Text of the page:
Hearing Health Blog
According to the U.S. National Health Institute, nearly 10% of Americans experience Tinnitus - that is about 25 million people. With Tinnitus, an individual hears a constant noise that no one else can hear. Often times it is a buzzing, ringing or even a swooshing sound. In recent years, different celebrities from actor William Shatner to musician Pete Townshend of
Tinnitus is more common than you think. According to the American Tinnitus Association (ATA), over 50 million Americans experience some form of Tinnitus. That is about 15% of the population. Today let’s learn more about the condition and who is at risk for Tinnitus. What is Tinnitus? Often referred to as “ringing in the ears”, people with Tinnitus hear sounds
Tinnitus affects millions of Americans. Tinnitus is a constant ringing, buzzing or even swooshing noise that only the person suffering from Tinnitus can hear. Symptoms can be moderate to severe and periodic or chronic. Imagine trying to concentrate, speak or sleep when you are bombarded by a constant noise. The lack of quiet can impact your loved one’s ability to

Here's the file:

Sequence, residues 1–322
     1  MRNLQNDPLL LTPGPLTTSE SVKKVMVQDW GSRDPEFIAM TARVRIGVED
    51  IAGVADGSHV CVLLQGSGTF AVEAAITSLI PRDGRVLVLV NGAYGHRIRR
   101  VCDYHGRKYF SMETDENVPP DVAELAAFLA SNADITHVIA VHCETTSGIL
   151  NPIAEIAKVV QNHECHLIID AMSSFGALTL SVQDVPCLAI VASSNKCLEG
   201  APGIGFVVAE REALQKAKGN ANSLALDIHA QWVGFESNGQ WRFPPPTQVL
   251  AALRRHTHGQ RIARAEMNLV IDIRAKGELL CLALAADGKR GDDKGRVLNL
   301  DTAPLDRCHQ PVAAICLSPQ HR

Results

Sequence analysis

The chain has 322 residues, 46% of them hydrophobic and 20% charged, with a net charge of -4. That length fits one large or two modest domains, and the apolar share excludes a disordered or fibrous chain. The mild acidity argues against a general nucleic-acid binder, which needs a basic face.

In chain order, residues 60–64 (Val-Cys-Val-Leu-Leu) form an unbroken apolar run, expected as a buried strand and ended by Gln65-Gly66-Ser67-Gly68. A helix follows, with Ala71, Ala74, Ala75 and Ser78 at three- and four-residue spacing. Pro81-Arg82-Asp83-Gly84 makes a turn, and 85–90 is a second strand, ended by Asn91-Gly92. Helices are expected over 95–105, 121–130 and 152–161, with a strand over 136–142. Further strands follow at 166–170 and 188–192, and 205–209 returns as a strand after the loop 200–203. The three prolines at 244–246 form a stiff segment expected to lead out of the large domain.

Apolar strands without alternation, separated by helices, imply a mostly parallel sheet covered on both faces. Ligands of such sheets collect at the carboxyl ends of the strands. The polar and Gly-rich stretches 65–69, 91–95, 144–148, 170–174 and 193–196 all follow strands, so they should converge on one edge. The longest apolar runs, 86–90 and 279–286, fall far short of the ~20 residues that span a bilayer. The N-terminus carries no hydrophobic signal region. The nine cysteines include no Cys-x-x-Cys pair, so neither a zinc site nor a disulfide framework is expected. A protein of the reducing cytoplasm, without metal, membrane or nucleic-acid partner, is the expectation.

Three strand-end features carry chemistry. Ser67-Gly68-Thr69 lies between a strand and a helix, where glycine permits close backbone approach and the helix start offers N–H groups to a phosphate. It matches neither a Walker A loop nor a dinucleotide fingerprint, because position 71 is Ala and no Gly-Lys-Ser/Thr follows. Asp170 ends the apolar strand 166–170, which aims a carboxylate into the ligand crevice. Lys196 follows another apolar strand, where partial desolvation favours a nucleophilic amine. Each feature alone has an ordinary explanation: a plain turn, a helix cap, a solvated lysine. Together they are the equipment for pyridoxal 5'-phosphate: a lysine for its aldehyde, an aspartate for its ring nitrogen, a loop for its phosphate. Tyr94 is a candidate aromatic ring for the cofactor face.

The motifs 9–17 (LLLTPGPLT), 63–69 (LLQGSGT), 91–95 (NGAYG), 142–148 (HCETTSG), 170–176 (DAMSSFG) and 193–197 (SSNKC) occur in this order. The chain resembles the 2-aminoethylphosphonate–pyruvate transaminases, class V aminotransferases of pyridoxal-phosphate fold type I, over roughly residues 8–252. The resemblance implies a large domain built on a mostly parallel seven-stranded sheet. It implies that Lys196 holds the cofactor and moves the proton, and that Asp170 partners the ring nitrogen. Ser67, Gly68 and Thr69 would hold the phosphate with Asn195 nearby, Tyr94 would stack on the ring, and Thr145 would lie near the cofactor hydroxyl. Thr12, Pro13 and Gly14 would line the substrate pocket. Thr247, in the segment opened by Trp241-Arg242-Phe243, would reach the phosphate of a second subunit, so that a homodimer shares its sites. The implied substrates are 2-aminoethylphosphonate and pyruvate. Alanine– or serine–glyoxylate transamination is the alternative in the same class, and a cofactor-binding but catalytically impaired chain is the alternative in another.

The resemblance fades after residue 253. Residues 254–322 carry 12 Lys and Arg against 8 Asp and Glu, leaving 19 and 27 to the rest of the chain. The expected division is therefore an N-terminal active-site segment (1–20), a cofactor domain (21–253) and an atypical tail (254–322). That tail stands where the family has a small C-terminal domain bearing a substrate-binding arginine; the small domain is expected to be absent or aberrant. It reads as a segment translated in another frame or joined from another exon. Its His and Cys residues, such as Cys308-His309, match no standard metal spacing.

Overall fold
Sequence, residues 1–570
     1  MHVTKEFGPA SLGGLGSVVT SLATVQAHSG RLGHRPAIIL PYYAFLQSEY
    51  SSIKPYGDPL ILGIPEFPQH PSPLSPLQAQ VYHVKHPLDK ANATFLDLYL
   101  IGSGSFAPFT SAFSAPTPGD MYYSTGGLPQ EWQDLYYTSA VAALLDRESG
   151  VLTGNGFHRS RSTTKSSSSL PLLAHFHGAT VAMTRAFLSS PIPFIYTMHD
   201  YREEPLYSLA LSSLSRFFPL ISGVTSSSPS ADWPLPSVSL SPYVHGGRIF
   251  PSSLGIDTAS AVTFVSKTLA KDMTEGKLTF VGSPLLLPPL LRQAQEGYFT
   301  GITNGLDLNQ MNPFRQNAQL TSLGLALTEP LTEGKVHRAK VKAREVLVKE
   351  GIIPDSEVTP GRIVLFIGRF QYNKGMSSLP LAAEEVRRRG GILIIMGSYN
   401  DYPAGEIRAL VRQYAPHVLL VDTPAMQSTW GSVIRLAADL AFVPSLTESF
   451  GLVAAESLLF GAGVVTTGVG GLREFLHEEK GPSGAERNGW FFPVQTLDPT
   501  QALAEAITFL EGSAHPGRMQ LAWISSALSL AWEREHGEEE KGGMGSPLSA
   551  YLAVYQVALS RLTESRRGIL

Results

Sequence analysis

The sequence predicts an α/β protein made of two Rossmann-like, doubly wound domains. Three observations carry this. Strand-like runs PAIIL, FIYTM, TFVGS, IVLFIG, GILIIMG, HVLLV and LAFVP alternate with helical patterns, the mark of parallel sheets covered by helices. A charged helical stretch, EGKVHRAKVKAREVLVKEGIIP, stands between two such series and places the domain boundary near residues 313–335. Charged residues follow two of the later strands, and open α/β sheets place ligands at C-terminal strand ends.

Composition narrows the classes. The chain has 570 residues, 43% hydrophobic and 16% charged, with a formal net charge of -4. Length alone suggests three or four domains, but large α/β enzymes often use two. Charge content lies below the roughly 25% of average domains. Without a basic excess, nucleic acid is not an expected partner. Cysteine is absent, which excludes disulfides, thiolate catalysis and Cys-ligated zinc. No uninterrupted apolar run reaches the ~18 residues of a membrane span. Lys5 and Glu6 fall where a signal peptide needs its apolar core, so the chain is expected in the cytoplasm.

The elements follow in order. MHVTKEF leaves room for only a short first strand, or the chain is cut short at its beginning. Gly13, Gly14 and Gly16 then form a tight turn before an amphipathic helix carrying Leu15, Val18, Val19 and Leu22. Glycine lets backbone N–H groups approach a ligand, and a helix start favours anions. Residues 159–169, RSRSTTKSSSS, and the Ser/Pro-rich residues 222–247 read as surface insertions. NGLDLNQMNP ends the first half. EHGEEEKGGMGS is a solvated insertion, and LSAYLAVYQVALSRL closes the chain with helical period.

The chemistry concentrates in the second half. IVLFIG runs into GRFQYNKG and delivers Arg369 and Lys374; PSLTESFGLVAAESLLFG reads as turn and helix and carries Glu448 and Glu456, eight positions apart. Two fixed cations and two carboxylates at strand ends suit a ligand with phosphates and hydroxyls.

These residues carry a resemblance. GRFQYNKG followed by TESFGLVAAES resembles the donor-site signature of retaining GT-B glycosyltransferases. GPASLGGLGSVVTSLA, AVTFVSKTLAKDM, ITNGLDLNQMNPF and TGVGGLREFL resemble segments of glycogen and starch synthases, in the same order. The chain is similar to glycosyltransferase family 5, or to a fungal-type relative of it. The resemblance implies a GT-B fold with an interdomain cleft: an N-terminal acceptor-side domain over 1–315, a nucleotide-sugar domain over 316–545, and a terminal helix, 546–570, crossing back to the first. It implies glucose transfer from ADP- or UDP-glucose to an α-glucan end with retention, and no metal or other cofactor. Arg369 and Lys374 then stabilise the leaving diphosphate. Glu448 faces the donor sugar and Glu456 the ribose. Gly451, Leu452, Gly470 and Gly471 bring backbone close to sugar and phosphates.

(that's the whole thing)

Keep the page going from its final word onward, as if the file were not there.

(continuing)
Buzzing, swooshing and chirping in the ears are common noises heard by those with tinnitus. This ever-present noise can affect concentration, hearing and even sleep. Nearly 50 million people have tinnitus which is often caused by noise exposure. Tinnitus can also occur due to the natural aging process, and there is also a strong link between tinnitus and hearing loss.
Nearly 50 million Americans suffer from varying degrees of tinnitus according to the American Tinnitus Association. Tinnitus symptoms may include ringing in the ears or even humming, whooshing or buzzing sounds that only the individual can hear. Tinnitus can make sleeping, concentrating and hearing harder. Tinnitus is not a disease but actually a symptom of damage to the auditory system.
Tinnitus on the Rise in Adolescents Tinnitus, known as “ringing in the ears”, is becoming a growing health concern among teens and children. Listening to loud music and going to clubs and parties is putting adolescents at risk of permanent ringing in their ears. According to the Scientific Reports journal, 30% of 11 – 17 year olds surveyed reported persistent